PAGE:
The U.S. Marine Corps is acquiring a number of SMASH 2000 computerized optical sighting systems, which can be used on a variety of small arms. These "smart sights" are designed to help shooters spot targets and then show them the most optimal aiming point to engage, even when they're moving. The SMASH 2000's manufacturer, Israeli firm Smart Shooter, has also secured a deal to work with the U.S. Navy to see how this technology could be employed on ships. In both cases, the focus is on exploring new defenses against the growing threat posed by small unmanned aircraft.
Starting this fall, Smart Shooter will supply an unspecified number of SMASH 2000s to the Marine Corps Rapid Capabilities Office (MCRCO), which is part of the Marine Corps Warfighting Laboratory (MCWL), for testing and evaluation. A press release from the company did not lay out any specific timeline for the work it will do with the Navy through the Naval Surface Warfare Center, Crane Division (NSWC Crane), which will be conducted through a Cooperative Research and Development Agreement (CRADA). A CRADA is a novel contracting mechanism that allows elements of the U.S. military to partner with industry and academia on various projects, and typically involves sharing resources in lieu of traditional payment.
"We are honored to announce that the US Marine Corps Warfighting Laboratory and NSWC Crane have chosen our technology to better protect against the ever-growing drone threat at land and sea," Michal Mor, Smart Shooter's CEO, said in a statement. "Featuring built-in targeting algorithms that can track and even hit very small drones, SMASH fire control systems put a precision anti-drone capability at the fingertips of its users."
The SMASH 2000 system, Smart Shooter's flagship product, consists of the core sight unit, which can be attached to various guns via a standard accessory rail, along with components that go into the weapon's pistol grip and onto its handguard. The company also offers lightweight remotely operated gun turrets that utilize the same technology.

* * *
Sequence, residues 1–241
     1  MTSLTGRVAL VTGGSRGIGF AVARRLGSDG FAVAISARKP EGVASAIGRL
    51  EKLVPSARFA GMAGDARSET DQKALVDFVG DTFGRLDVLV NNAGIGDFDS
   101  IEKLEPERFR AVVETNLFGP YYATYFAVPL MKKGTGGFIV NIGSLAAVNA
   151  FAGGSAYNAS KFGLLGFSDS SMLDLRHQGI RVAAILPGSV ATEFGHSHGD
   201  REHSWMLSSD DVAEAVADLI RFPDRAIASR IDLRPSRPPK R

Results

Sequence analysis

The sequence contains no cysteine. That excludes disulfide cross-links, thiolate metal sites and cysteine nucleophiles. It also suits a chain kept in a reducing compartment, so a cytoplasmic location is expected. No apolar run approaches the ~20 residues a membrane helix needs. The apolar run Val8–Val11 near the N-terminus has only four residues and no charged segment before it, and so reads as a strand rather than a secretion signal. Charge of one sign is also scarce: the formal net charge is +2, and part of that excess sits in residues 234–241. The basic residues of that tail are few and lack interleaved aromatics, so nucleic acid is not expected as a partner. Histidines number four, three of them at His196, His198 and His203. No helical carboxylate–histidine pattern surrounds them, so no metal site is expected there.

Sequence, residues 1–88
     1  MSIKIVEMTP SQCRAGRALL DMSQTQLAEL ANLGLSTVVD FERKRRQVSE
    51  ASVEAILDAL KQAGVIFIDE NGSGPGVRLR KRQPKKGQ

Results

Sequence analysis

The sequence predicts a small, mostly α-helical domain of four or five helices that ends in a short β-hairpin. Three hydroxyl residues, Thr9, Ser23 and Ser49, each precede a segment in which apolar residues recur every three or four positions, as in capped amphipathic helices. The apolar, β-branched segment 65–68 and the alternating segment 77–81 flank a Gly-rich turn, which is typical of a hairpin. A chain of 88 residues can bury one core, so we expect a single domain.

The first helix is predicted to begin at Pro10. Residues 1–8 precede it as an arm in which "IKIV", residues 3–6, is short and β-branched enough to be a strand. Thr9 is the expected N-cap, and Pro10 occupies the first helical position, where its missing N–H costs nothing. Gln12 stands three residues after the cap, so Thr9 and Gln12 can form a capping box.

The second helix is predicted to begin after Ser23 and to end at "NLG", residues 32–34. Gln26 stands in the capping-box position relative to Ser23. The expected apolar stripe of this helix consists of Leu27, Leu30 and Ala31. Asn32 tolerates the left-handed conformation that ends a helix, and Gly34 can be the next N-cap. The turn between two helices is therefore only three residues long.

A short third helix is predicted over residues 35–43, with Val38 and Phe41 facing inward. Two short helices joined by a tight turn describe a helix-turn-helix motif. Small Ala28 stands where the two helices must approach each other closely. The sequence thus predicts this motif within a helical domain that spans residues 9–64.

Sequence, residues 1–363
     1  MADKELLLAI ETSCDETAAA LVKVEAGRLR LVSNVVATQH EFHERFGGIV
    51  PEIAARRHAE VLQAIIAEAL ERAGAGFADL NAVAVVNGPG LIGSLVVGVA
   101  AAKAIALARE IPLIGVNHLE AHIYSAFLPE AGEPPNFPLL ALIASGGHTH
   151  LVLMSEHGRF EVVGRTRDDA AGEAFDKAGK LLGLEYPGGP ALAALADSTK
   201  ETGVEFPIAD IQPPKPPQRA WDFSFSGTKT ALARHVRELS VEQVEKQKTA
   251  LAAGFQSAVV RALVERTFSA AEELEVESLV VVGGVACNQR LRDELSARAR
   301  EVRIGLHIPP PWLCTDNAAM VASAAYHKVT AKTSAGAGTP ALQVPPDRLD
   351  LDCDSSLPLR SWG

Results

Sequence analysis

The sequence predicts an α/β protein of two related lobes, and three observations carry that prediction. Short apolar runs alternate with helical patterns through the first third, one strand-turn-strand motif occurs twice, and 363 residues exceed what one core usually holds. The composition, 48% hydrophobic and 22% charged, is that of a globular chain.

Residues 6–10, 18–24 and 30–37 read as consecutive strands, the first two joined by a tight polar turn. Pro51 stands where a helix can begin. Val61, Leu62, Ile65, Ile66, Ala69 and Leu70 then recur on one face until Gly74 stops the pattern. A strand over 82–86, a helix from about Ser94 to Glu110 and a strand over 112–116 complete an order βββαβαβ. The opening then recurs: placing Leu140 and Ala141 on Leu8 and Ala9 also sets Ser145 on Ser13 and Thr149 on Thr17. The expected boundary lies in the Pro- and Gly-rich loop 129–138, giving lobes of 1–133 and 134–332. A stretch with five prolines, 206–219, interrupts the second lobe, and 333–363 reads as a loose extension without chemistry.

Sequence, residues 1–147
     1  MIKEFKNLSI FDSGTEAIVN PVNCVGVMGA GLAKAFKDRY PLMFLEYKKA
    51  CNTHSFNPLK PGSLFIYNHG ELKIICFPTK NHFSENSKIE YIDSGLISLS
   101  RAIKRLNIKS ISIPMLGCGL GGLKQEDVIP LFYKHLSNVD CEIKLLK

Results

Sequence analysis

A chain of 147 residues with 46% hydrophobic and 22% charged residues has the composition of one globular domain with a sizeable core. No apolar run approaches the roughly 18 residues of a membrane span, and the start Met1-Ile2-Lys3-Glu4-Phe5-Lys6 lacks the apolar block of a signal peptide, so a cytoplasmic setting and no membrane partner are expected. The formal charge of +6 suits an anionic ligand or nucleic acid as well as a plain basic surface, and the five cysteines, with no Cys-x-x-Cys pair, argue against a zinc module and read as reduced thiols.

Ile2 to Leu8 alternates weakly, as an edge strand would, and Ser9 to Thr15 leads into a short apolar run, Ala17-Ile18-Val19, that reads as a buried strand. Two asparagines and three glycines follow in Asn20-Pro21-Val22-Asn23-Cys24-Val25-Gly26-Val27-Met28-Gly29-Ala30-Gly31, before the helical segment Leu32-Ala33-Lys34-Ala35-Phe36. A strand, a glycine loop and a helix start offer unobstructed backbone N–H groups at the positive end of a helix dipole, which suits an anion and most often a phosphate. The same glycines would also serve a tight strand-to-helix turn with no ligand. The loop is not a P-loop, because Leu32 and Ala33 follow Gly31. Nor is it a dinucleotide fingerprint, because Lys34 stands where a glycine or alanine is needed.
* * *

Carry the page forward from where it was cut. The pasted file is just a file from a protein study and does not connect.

Outwardly, the main portion of the sighting system looks very much like an oversized non-magnifying red dot or holographic-type sight. The software-driven system also contains a video camera and laser range finder that allows the shooter to place the crosshairs over a target and mark it with the push of a button. Once "locked on" in this way, SMASH 2000 calculated the optimal point of aim and displays that to the user, even if the target begins to move. Smart Shooter says that the built-in camera, together with the system's networking capabilities, gives it a secondary reconnaissance and surveillance capability, as well.
SMASH 2000 was originally designed primarily to help shooters improve their chances of hitting a target with their first shot, even when tired or stressed. This, in turn, would help improve the effectiveness of individual troops, as well as reduce their vulnerability to enemy forces and potentially help limit collateral damage.
However, the potential utility of guns equipped with SMASH 2000s, as well as broader applications of the underlying technology, in defending against small drones has been readily apparent for some time. Last year, pictures emerged showing U.S. personnel assigned to Special Operations Joint Task Force-Operation Inherent Resolve (SOJTF-OIR) in Syria training to use M4A1 carbines equipped with these sighting systems in this exact role. In March of this year, Smart Shooter revealed that it was working on a new smart sighting system derived from the SMASH 2000 for the U.S. military as part of the Pentagon's Irregular Warfare Technical Support Directorate's (IWTSD) Individual Weapon Overmatch Optic (IWOO) program.